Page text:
Jesus is superior to the prophets (1:1-3). The revelation of God’s truth is added progressively in the Bible as we move from Genesis through to Revelation. The Old Testament was written by the prophets. What Jesus taught is summarized in the gospels. His teachings supersede those of the Old Testament prophets. Other reasons why Christ is superior to the prophets are that He made the universe and sustains it. He is the divine God. While the prophets predicted the Messiah (Acts 10:43), Jesus was the Messiah. Through His death, our sins can be forgiven. And after His resurrection and ascension, He now sits on a place of honor and privilege at God’s right hand. So of course He is greater than the prophets. Today we can say that Jesus is greater than experts and scientists.

Jesus is also superior to angels (1:4-14; 2:5). Angels brought messages from God and protected God’s people. As Son of God, Jesus has a close relationship with God the Father. The angels praised God at His birth (Lk. 2:13-14) and will worship Christ when He returns to rule over the earth (1:6). Jesus is in a position of honor and power at God’s right hand, while angels serve God’s people (11:13-14). Jesus did what angels couldn’t do, He became a human being and offered His perfect life as a sacrifice for our sin. So of course He is greater than the angels. Today we can say that Jesus is greater than those promoting spiritual experiences.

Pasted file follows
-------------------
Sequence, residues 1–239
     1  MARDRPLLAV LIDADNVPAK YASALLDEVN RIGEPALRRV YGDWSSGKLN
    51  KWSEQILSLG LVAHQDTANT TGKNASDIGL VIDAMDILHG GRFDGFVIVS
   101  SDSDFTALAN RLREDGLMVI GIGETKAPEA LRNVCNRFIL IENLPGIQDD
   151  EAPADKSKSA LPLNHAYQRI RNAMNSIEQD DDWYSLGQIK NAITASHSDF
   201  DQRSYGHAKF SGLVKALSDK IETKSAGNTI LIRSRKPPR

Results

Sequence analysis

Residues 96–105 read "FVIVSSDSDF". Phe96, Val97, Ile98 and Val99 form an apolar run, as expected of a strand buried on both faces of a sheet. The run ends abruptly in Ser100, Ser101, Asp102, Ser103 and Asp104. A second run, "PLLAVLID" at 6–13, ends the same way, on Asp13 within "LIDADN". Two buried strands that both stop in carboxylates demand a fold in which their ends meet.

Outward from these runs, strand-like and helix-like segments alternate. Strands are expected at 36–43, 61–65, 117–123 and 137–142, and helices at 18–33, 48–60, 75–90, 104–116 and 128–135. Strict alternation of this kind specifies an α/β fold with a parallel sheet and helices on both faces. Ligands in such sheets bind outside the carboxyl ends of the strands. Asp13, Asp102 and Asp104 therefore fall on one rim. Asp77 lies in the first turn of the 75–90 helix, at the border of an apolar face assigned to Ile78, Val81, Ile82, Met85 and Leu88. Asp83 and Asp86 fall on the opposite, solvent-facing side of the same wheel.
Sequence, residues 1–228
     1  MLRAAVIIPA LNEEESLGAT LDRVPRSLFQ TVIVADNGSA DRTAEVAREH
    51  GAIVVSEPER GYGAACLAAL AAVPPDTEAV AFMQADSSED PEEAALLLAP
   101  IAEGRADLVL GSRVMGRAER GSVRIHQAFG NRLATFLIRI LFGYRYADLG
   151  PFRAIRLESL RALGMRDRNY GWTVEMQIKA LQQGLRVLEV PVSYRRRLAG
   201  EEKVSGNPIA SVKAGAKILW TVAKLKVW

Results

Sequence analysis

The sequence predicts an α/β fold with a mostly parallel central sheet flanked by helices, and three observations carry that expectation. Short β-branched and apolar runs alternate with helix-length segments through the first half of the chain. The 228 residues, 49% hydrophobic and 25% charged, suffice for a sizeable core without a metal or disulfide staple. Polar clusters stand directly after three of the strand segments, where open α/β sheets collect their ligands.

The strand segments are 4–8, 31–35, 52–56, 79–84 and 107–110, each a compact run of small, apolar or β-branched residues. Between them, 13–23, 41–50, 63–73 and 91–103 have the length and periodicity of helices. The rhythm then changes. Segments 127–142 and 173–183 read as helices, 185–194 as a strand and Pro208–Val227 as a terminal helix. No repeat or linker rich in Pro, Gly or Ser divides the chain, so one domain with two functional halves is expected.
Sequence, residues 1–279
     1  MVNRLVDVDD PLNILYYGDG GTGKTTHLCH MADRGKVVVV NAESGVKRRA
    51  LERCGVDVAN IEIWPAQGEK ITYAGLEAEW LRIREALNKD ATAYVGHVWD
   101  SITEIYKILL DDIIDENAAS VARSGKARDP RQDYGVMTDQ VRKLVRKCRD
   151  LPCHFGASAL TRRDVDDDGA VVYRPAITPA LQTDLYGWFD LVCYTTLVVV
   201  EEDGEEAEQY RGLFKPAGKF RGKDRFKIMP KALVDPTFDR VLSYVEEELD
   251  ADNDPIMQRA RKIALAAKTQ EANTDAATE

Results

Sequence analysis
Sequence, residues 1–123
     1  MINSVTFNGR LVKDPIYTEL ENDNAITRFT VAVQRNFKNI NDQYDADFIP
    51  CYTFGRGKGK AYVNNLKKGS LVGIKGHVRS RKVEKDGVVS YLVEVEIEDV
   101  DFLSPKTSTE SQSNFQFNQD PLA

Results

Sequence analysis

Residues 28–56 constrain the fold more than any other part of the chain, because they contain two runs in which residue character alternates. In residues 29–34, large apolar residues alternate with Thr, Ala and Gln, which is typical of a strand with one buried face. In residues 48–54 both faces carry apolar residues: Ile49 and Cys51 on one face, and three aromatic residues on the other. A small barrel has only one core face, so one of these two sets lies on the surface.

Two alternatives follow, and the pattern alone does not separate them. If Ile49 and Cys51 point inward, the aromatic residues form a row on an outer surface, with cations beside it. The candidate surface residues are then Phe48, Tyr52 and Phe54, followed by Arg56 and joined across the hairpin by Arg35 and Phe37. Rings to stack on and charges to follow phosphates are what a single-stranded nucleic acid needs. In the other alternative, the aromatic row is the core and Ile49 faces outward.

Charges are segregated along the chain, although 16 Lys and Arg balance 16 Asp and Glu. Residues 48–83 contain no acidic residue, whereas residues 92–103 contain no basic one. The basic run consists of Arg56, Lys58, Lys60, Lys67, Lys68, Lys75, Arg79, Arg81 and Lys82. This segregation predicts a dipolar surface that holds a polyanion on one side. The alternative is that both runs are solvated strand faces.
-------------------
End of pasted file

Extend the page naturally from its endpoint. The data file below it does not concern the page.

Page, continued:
Jesus is also superior to Moses and Joshua (3:1-6; 4:6-11). Jesus represents God to us and also represents us before God. He is a mediator or go-between. Moses served the Israelites, but Jesus was equal with God who made them His people. While Joshua was unable to provide rest for the Israelites in the land of Canaan, it is available through Jesus Christ. So of course He is greater than Moses and Joshua. Today we can say that Jesus is greater than the leaders of nations.

high priest 2 cropped 400pxJesus is also superior to the Jewish high priests (4:14 – 5:10; 6:20 – 8:2). He represents God to us like a high priest did for the Jews. But the eternal priesthood of Jesus has replaced the temporary priesthood of Aaron. Because of Jesus, both the Jewish priesthood and the Jewish law have been replaced. When Jesus died this was signified by the tearing apart from top to bottom of the curtain to the Most Holy Place in the temple. (Mt. 27:51; Mk. 15:38; Lk. 23:45). Jesus didn’t need to offer sacrifices for His own sins because he was sinless. Also, “He offered Himself”, not an animal. So of course He is greater than the Jewish high priests. Today we can say that Jesus is greater than the religious leaders.

Jesus’ sacrifice is also superior to the Jewish sacrifices (8:3 – 10:14). His sacrifice only needed to be offered once, not annually like Yom Kippur. It was “once for all”. It brought in a new covenant that could include all nations, not just Jews. So of course Jesus’ sacrifice is greater than the Jewish sacrifices. Today we can say that Jesus’ sacrifice is greater than our good works.

Because Jesus is greater than all our heroes and all our desires, He’s the greatest of all. So let’s follow and live for Him.